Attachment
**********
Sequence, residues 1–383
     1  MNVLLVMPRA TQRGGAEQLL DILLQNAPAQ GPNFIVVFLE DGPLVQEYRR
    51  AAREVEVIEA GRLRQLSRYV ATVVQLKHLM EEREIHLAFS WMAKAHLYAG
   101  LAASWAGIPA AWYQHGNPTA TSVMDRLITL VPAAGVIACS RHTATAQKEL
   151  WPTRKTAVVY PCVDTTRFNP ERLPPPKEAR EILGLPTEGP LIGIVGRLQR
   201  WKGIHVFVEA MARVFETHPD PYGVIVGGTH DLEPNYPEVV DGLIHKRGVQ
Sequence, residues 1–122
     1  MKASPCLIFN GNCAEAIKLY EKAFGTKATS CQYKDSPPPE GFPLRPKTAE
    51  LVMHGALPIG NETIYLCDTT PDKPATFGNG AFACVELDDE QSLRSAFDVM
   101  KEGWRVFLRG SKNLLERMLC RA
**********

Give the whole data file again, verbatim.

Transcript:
Sequence, residues 1–383
     1  MNVLLVMPRA TQRGGAEQLL DILLQNAPAQ GPNFIVVFLE DGPLVQEYRR
    51  AAREVEVIEA GRLRQLSRYV ATVVQLKHLM EEREIHLAFS WMAKAHLYAG
   101  LAASWAGIPA AWYQHGNPTA TSVMDRLITL VPAAGVIACS RHTATAQKEL
   151  WPTRKTAVVY PCVDTTRFNP ERLPPPKEAR EILGLPTEGP LIGIVGRLQR
   201  WKGIHVFVEA MARVFETHPD PYGVIVGGTH DLEPNYPEVV DGLIHKRGVQ
Sequence, residues 1–122
     1  MKASPCLIFN GNCAEAIKLY EKAFGTKATS CQYKDSPPPE GFPLRPKTAE
    51  LVMHGALPIG NETIYLCDTT PDKPATFGNG AFACVELDDE QSLRSAFDVM
   101  KEGWRVFLRG SKNLLERMLC RA